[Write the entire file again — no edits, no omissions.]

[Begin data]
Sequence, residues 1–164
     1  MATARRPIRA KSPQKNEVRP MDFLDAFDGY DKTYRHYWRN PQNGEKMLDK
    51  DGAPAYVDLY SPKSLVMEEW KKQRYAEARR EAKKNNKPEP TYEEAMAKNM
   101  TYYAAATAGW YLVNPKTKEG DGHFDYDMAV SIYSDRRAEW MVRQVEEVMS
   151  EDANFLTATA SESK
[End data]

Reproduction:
Sequence, residues 1–164
     1  MATARRPIRA KSPQKNEVRP MDFLDAFDGY DKTYRHYWRN PQNGEKMLDK
    51  DGAPAYVDLY SPKSLVMEEW KKQRYAEARR EAKKNNKPEP TYEEAMAKNM
   101  TYYAAATAGW YLVNPKTKEG DGHFDYDMAV SIYSDRRAEW MVRQVEEVMS
   151  EDANFLTATA SESK